Wednesday, February 10, 2016

Will you pay 300$ and allow scamsters remote control to your computer ! child play for this BPO

Microsoft customers in Arizona were scammed by a BPO setup by fraudsters who’s executives represented themselves as Microsoft employees and managed to convince them that for a 300$ charge they would enhance the performance of their desktop computers. 

Once signed up, the BPO technician logged onto using a remote access software that provided full remote control over the desktop and proceeded to delete the trash and cache file, sometimes scanning for personal information. The unsuspecting customer ended up with a marginal improvement in performance. After one year of operation, the Indian police nabbed the three men behind the operation and eleven of their employees.

There were several aspects to this case “Pune BPO which cheated Microsoft Clients in the US busted” that I found interesting:

1)    The ease with which customers were convinced to part with money and to allow an unknown third party to take remote control over their computer. With remote control one can also install malicious files to act as remote backdoor or spyware making the machine vulnerable.
2)    The criminals had in their possession a list of 1 million Microsoft customers with updated contact information
3)    The good fortune that the Indian government is unsympathetic to cybercrime both within and outside their shores which resulted in the arrests. In certain other countries crimes like these continue unhindered.

Cybercitizens should ensure that they do not surrender remote access to their computers or install software unless they come from trusted sources.

Saturday, February 6, 2016

Three Must Do’s to make a Security Awareness Champion

Setting an example is the best way to institutionalize security awareness within a workplace or at home. Colleagues and children naturally follow examples set by champions as it makes it easy to mimic rather than spend time to self-learn. I found three important aspect to championing security awareness.

Be a role model

Cybercitizens champions take an active interest in being secure by keeping themselves updated and implementing security guidelines for the gadgets and services they use at home, for work and on the Internet. Knowledge on the do and don’ts of security for workplace system is normally obtained through corporate security awareness programs but for personal gadgets and services one needs to invest time to read the security guidelines provided by the service/product provider or on gadget blogs. Security guidelines provide information on the best practice to be used for secure configuration of gadgets, use of passwords, malware prevention and methods to erase data.  Besides security issues like password theft or loss of privacy, there is the possibility of becoming a victim of fraud when using ecommerce. Most ecommerce sites have a fraud awareness section to educate customers on the common types of frauds and on techniques to safeguard against them. Role models take pride in what they do and this passion becomes a source of motivation to others around them. A security champion delights on possessing detailed insights on how to use the best security features in gadgets (say mobile phones) or on recent security incidents.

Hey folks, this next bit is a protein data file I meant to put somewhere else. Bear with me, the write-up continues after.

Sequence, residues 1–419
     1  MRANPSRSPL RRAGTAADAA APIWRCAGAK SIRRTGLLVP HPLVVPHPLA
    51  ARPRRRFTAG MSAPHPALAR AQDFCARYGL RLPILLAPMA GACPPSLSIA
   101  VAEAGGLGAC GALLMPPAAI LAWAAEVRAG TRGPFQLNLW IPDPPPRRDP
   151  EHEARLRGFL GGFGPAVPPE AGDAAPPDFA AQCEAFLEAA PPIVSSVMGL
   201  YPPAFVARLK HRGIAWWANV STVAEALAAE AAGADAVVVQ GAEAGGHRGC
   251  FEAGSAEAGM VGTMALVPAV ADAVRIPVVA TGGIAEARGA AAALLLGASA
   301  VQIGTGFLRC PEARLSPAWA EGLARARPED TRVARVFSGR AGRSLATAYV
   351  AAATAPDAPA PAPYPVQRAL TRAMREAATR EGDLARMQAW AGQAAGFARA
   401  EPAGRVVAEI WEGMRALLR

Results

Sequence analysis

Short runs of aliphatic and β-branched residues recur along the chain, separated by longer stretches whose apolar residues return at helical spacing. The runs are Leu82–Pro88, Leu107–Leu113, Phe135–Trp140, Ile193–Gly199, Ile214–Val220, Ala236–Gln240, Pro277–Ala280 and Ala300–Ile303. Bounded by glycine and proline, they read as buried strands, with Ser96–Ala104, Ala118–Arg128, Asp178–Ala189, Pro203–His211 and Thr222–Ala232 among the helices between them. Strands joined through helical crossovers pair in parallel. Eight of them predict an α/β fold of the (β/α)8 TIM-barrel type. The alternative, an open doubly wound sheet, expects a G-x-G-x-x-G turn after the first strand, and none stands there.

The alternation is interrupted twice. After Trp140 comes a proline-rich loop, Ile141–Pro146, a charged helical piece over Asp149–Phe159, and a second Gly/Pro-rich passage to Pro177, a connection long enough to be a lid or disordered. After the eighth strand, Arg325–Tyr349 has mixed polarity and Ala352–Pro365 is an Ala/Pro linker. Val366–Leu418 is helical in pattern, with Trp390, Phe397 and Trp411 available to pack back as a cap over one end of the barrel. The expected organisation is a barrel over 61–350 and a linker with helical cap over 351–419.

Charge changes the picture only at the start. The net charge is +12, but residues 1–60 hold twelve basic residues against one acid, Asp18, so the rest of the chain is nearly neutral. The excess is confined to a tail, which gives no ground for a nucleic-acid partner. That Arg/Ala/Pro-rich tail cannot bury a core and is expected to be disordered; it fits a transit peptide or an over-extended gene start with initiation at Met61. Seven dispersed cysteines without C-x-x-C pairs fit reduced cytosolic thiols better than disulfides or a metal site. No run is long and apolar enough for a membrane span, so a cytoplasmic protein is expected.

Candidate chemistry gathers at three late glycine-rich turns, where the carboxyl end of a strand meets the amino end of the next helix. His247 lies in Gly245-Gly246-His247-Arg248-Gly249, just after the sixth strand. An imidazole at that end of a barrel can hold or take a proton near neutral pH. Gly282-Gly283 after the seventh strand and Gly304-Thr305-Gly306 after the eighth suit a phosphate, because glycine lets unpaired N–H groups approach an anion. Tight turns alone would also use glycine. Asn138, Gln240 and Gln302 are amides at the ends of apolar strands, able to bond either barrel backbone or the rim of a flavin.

Be a security buddy at your home

Telling people what to do to keep themselves secure online is difficult, primarily because security controls lower the user experience; as an example most people may prefer not to have a password or keep a simple one for ease of use. People tend to accept risk because they do not fully realize the consequences of a damaged reputation or the financial impact from the fraudulent use of credit cards until they or someone close, experiences its effects firsthand. Security champions act as security buddies at home. They take time to understand how their family members both young and old, use the Internet and to themselves learn about the safety, privacy and security issues related to those sites. Buddies perform the role of coaches, engaging in regular discussions on the use of these sites from a perspective of avoiding security pitfalls and the avoidance of risky behavior that may lead to unwanted attention from elements looking to groom children for sex or terrorism. Highlighting incidents of similar nature helps raise awareness of the reality of the risk.

Display commitment to security at your workplace

Small acts go a long way in promoting useful security behavior. A small security cartoon displayed on a work bench can immensely add to the corporate security awareness effort. Champions bring attention to the importance of security in business by bringing up security in routine business discussions; for example circulating insights into recent published security incident within a discussion group (leadership, business) and popping the security question “what if a customer security or privacy is affected” during project discussions.